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Cablegate: Missile Technology Control Regime (Mtcr): Missile


DE RUEHC #8749 2661601
P R 231541Z SEP 09

S E C R E T STATE 098749


E.O. 12958: DECL: 09/23/2034

Classified By: ISN/MTR Deputy Director Ralph Palmiero.
Reasons: 1.4 (B), (D), (H).

1. (U) This is an action request. Please see paragraph

2. (C) ACTION REQUEST: Department requests Embassy
Paris provide the interagency cleared paper "Missile
Proliferation Trends" in paragraph 3 below to the French
Missile Technology Control Regime (MTCR) Point of Contact
(POC) for distribution to all Partners. Info addressees
also may provide to host government officials as
appropriate. In delivering paper, posts should indicate
that the U.S. is sharing this paper as part of our
preparation for the Information Exchange that will be
held in conjunction with the MTCR Plenary in Rio,
November 9-13, 2009. NOTE: Additional IE papers will be
provided via septels. END NOTE.



Missile Proliferation Trends

In the following presentation, we provide an
overview of missile proliferation trends that the United
States has identified over the last several years.

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Proliferation of Short-Range, Solid-Propellant Missiles

A key trend in recent years has been the
proliferation of short-range, solid propellant ballistic
missile systems with range and payload capabilities below
the MTCR Category I threshold. A number of countries,
including many with well-established liquid propellant
missile programs, have sought to acquire short-range,
solid propellant missile systems. These systems are
attractive because of their increased availability on the
international market, their accuracy, and their ease of
handling as compared to liquid propellant systems. In
addition, short-range, solid propellant missiles also
require less preparation prior to launch, less
maintenance, and can be stored for longer periods of time
than liquid-fueled missile systems.

Decline of New Interest in Scud-Derived Technology

The growing interest in short-range solid-propellant
missiles for many countries also is related to an
emerging missile proliferation trend -- a decline in new
governments seeking to acquire Scud-type short-range
ballistic missiles, such as those marketed by North
Korea. Decreased sales of Scud-based missiles and
technology is in part due to efforts by MTCR countries to
promote missile nonproliferation and discourage new
missile customers, as well as the effect of United
Nations sanctions. Potential new customers may also
calculate that more accurate, short-range solid-
propellant missiles are a better investment and more
readily available than Scud technology, which is known
for its poor accuracy and requires the purchase of
extensive support equipment. (Note: While North Korean
exports of complete Scud-derived missile systems may have
declined in recent years, North Korea likely does
continue to provide Scud maintenance and refurbishment
services to previous Scud missile customers.)

China as a Key Source of Solid Propellant Missiles

Another reason may be that purchasing countries
seeking a Category II SRBM capability can work fairly
easily and above board with less disreputable arms
suppliers such as China, rather than deal with a state
such as North Korea that has been internationally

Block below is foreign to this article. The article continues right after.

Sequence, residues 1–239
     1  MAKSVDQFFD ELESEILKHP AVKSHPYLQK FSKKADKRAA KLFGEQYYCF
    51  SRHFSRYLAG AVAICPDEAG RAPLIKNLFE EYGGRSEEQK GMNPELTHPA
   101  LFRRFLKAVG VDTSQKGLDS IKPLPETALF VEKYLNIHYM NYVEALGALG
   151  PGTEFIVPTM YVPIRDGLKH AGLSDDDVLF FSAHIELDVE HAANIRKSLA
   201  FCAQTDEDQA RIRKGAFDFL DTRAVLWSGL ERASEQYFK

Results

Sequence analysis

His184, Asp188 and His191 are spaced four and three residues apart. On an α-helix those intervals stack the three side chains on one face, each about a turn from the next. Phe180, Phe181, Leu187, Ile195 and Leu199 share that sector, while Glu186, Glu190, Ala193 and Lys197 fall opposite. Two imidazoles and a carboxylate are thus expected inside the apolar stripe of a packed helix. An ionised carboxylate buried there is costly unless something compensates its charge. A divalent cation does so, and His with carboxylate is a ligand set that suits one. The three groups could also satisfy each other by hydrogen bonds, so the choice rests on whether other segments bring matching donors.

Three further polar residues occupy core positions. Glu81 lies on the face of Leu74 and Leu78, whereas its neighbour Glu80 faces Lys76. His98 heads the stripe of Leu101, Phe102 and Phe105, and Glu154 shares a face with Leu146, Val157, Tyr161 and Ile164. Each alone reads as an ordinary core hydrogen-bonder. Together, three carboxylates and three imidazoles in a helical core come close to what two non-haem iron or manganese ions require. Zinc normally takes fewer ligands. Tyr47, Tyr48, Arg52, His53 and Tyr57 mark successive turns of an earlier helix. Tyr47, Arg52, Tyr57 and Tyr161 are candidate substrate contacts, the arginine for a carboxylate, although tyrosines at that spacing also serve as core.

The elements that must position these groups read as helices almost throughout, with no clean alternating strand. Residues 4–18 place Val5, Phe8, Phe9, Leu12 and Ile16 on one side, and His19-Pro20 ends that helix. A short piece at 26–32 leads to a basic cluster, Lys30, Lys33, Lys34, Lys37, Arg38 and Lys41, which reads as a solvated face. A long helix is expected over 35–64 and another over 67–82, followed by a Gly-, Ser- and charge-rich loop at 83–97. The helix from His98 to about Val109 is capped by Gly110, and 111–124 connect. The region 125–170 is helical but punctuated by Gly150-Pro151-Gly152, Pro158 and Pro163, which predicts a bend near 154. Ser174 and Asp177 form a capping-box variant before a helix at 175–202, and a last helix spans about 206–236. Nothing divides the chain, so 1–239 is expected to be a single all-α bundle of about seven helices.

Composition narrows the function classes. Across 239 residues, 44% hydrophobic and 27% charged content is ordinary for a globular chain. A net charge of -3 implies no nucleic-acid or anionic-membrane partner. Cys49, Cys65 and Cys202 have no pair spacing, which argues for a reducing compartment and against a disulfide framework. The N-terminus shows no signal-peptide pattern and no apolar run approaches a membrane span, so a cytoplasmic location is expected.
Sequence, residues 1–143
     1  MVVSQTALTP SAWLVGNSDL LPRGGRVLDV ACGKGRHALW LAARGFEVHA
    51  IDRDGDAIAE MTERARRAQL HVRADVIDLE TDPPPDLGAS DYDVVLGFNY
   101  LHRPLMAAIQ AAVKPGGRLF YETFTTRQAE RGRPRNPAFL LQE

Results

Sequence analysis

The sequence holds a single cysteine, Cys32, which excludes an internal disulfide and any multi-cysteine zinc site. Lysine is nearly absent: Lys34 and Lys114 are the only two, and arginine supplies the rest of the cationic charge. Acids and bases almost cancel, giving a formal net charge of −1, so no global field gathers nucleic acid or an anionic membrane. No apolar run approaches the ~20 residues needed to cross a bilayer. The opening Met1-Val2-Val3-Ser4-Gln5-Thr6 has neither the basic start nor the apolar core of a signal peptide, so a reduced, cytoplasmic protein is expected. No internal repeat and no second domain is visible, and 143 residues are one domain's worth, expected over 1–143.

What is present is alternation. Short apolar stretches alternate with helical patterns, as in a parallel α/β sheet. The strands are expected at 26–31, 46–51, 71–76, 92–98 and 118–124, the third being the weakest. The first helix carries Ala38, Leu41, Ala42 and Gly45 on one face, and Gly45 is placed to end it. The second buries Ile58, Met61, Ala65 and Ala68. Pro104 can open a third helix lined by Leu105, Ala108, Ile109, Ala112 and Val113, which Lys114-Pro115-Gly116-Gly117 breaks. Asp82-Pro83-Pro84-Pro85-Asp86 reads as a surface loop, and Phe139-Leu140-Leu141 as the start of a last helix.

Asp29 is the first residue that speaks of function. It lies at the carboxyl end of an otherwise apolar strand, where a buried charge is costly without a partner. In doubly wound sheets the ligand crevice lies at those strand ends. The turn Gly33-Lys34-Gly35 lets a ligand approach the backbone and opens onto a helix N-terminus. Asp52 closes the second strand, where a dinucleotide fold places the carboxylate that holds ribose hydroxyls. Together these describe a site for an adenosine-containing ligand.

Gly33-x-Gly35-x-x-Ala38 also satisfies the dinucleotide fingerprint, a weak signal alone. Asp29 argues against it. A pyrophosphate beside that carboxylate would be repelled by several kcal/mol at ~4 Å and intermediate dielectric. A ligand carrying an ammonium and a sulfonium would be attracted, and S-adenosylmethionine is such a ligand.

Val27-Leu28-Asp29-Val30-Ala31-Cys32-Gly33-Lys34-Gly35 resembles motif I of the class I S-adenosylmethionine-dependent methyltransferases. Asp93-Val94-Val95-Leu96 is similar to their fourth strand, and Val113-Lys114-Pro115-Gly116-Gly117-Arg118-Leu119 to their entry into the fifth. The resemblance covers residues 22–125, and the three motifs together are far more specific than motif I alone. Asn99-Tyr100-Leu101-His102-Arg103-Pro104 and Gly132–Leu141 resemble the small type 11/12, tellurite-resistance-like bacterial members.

recognized as a proliferator and is subject to United
Nations Security Council sanctions. For example, China
has supplied a short-range, solid-propellant missile
system to at least one former missile customer of North
Korea and is marketing the P12 and B611M solid propellant
systems to customers in the Middle East, Africa, and
South Asia. The P12 is advertised as having a 150-km
range with a 450 kg warhead, and the B611M is marketed as
a 260-km-range system that carries a 480-kg warhead.
Although these missiles are below the MTCR Category I
threshold, sales of these systems are likely to
accelerate the diffusion of sophisticated and previously
unavailable solid propellant missile technologies to
regions of tension.

Parallel Space Launch Vehicle and Ballistic Missile
Development Efforts

Another key missile proliferation trend has been for
countries seeking to develop long-range missiles to
establish developmental programs for space launch
vehicles (SLVs). SLVs and ballistic missiles are derived
from virtually identical and interchangable technologies,
and the similarities between SLVs and ballistic missiles
extend from subcomponents to production facilities. SLV
programs can allow a country to test propulsion systems,
stage separation, and some guidance and control
technology, and provide a path to gain access to
controlled, missile-related technologies and materials
under the guise of peaceful space ambitions.

North Korea

A clear example of a country attempting to mask its
missile development efforts behind an SLV program is
North Korea. On April 5, 2009, North Korea tested a
multi-stage Taepo Dong-2 (TD-2) missile, which it
characterized as an effort to place an "experimental
communications satellite" into orbit. This test failed
to place an object into orbit, but demonstrated North
Korea's development of technologies such as stage
separation that are applicable to longer-range ballistic
missile systems. In the case of the April 2009 test, few
countries accepted North Korea,s claim that the TD-2
launch was simply an activity carried out as part of a
peaceful space program. This was reflected in the United
Nations Security Council,s adoption of a Presidential
Statement on April 13, 2009 that condemned this launch as
being in contravention of Security Council Resolution
1718, which requires North Korea to suspend all
activities related to its ballistic missile program.


Iran has established an SLV program that complements
and advances its missile development. For many years,
Iran has had active MTCR Category I ballistic missile
programs. These programs helped establish a technology
base that assisted Iran,s development of an SLV known as
the Safir, which successfully placed a small satellite
into orbit in February 2009. Although currently the
Safir is restricted to very small payloads, Iran,s
ability to place a satellite into orbit has demonstrated
several technical capabilities applicable to longer-range
ballistic missile systems, including staging, clustering
small engines, and using gimbaled engines for control of
the Safir,s second stage. As such, Iran,s SLV program
remains a key concern, as many technologies required for
this program will directly benefit Iran,s long-range
ballistic missile development efforts.

The Role of Front Companies